In working to integrate personalized medicine into pharma we've identified a number of infrastructure gaps. We have decided to either partner or internally build the capabilities to fill those gaps, because frankly no one else is doing it. Labceutics is the first of our investments in that regard. Although it was initially focused on Europe, we've already expanded that to Asia, and we've opened up an office in Hong Kong. We'll look at other geographies as required.
Labceutics [was started in recognition] that laboratories are important stakeholders in personalized medicine. They are by and large forgotten, but yet, they are on the front lines of delivering test results quickly, efficiently, and with high quality to the same physicians that pharma is talking to. There has been a preoccupation with diagnostics developers [in personalized medicine] and laboratories have been forgotten.
I've met lab leaders in Europe and Asia, who are incredible innovators in the personalized medicine space. With Labceutics, we're trying to harness that energy ... so labs can equally contribute to changing and transforming patient pathways. In the short term, that might translate into faster test results and higher quality testing in Europe, which has a very fragmented lab business.
There are 14,000 labs scattered across Europe. That's a lot of labs to try to coordinate and set up testing in. So, in its simplest form, Labceutics will just help join the docs and make sure that as a new test is brought to market, we say to our clients, 'Let's make sure that the test you need to get before the physicians, gets there, with fast turnaround times and good quality.'
We did research where we asked lab managers how they implemented a new diagnostic in their service. Ninety-four percent of them found out about a new test because they read about it somewhere or a physician asked them for the test [or by some other way]. Only around 6 percent of those lab managers were contacted by the pharma industry [to discuss new test launches].
That's a terrible indictment. We're relying on this lab infrastructure but we're not talking to labs. So, Labceutics is attempting to step in and fill that gap.
Regulatory gaps in the US have created a situation where labs don't have to adopt the FDA-approved companion diagnostic test, and can continue to test for the same markers with lab-developed tests that a companion diagnostic gauges. Are there similar issues in Europe and can Labceutics mitigate those issues?
The regulatory dynamics in Europe and the US are very different. There is no US Food and Drug Administration regulating the test. That may change, and the EMA is already looking at molecular diagnostics as a target for higher levels of regulation. So, as with everything in personalized medicine, what we have today may not be what we have in three weeks time.
Whether the lab is regulated or not, there are vast inconsistencies in the quality of testing across Europe. So, for example, Pfizer, is presumably working on launching [Xalkori with] ALK testing in Europe, and their chosen [companion diagnostic] partner is Abbott Molecular. That buys Pfizer access to labs that are either ready to run a test at high volumes ─ and remember this is a very young market ─ or they already have the Abbott test in place. What Pfizer doesn't get access to is the 90 percent of the lab market in Europe, which operates by developing their own test, and very seldom will they acquire a kit. If they do they acquire, it is for very high volumes.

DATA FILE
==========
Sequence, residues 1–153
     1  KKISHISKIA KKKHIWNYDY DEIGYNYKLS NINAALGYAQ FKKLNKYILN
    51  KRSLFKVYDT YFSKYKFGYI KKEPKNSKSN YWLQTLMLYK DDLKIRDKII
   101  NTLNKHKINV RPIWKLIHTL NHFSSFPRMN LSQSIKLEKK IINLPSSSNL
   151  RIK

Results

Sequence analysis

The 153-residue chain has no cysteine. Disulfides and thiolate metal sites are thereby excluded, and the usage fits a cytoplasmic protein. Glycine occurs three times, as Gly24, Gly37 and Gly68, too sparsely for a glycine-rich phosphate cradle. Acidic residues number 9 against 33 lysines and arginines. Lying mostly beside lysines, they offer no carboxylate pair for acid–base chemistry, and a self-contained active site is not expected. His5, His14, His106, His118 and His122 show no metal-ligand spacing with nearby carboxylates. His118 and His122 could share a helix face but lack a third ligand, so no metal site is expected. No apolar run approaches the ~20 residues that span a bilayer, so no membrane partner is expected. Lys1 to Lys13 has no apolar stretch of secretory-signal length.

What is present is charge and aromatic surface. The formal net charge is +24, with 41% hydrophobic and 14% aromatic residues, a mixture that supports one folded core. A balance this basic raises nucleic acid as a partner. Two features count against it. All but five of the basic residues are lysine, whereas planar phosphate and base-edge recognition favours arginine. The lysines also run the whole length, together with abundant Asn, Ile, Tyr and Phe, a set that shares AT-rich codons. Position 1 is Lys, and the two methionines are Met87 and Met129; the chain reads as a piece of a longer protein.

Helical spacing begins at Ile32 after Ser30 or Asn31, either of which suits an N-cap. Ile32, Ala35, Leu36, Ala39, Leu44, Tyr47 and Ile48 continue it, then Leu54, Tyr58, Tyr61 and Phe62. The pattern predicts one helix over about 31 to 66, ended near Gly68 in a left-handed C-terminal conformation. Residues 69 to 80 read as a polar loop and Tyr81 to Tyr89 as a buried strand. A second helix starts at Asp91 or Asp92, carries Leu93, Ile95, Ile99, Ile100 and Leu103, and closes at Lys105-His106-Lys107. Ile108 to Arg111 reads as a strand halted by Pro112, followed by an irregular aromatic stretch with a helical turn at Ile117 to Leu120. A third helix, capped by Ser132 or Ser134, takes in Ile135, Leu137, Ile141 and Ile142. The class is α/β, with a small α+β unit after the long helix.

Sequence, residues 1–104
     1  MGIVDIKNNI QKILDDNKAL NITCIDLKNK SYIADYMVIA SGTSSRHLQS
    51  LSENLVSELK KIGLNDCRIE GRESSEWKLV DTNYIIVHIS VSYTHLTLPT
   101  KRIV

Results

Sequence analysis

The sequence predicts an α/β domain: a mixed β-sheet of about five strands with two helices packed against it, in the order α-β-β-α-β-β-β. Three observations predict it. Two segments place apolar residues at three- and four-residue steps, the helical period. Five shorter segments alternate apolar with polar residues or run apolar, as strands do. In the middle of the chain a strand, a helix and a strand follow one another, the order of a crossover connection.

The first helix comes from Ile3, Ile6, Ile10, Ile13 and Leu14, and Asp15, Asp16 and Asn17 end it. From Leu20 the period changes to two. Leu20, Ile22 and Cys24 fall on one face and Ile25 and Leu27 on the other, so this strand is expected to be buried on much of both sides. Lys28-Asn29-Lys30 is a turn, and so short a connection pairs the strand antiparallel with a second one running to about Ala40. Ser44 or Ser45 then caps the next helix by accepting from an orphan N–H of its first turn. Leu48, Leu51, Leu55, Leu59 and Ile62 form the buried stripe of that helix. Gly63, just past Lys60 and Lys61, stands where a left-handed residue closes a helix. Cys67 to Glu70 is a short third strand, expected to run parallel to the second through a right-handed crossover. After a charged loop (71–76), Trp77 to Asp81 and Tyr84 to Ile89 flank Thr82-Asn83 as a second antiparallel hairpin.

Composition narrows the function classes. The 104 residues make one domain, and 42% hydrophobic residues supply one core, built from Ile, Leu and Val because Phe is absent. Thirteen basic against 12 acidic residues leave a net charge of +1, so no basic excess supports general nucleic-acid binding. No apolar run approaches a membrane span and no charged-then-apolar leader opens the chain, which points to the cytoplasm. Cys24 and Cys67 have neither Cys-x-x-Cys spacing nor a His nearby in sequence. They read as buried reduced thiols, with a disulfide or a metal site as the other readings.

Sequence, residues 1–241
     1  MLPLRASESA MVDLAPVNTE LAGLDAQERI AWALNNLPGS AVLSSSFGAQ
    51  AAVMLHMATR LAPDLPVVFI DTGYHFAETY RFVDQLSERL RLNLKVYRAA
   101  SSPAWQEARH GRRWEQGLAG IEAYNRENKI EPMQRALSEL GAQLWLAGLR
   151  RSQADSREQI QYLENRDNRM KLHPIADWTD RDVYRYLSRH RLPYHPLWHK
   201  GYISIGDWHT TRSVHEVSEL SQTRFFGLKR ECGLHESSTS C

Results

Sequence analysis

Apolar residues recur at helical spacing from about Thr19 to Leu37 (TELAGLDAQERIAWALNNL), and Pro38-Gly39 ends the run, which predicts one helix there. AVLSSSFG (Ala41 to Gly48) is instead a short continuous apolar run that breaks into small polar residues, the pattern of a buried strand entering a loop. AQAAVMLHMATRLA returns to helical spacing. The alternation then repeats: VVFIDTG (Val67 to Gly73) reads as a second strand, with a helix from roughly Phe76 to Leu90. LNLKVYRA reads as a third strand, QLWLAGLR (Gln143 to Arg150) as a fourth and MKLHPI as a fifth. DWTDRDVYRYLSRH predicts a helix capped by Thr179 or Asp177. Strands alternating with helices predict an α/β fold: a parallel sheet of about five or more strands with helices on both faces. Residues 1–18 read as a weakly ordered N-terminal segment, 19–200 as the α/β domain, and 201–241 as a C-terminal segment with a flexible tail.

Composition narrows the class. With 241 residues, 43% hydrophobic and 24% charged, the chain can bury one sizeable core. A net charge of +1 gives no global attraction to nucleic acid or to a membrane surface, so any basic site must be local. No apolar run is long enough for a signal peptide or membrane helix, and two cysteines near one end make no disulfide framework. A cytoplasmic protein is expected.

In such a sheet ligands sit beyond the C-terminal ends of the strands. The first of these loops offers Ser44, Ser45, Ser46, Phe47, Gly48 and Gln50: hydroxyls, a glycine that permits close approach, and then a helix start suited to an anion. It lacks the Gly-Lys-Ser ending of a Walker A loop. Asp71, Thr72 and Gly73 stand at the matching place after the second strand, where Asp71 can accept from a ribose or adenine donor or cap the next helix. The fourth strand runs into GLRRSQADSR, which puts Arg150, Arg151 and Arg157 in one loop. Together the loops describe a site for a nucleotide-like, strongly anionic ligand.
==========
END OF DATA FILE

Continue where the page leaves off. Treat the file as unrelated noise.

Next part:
What Labceutics is attempting to do is help our clients think not just of developing one test with one diagnostics partner, but to look across the laboratory market and consider how they can improve the quality of testing, whether it is developed in-house or whether it is acquiring a kit.
International personalized medicine markets have different drivers and challenges in terms of reimbursement and regulation. Which country is ahead in terms of personalized medicine adoption at this time?
I am afraid I can't find a winner. What I can find are winning stakeholders. Among the top … the FDA is an unsung hero in personalized medicine. Despite the fact that there is concern about regulation in any industry ... the FDA has been very forward thinking within a government policy framework, and has been willing to explore new ways to start early dialogue with pharma and diagnostics companies.
In other countries, for example, in France, there is a group called [L'Institut National du Cancer], which has been instrumental in recruiting the energy of pathologists to create standards around diagnostics, such as KRAS testing and for EGFR mutation testing ... INCa has a network of labs, but also it is working to solve the problem of [molecular diagnostics] reimbursement.
Within the UK, there are groups like the [National Institute for Health and Clinical Excellence], which is often regarded [negatively] as the group that's doing the technology assessment. Often, there is some very forward thinking within NICE about how diagnostics can help the UK in meeting its goal of being cost effective by avoiding treatment for patients who won't respond and about how diagnostics can be delivered faster and [integrated into healthcare] more seamlessly. There is an initiative called the Stratified Medicine Program in the UK, [which is an effort to establish a standardized, national genetic testing service to deliver personalized cancer treatments]. NICE is a part of that program.
So, I don't think there is a country that's in the lead when it comes to personalized medicine, but there are promising initiatives in different regions driving the field.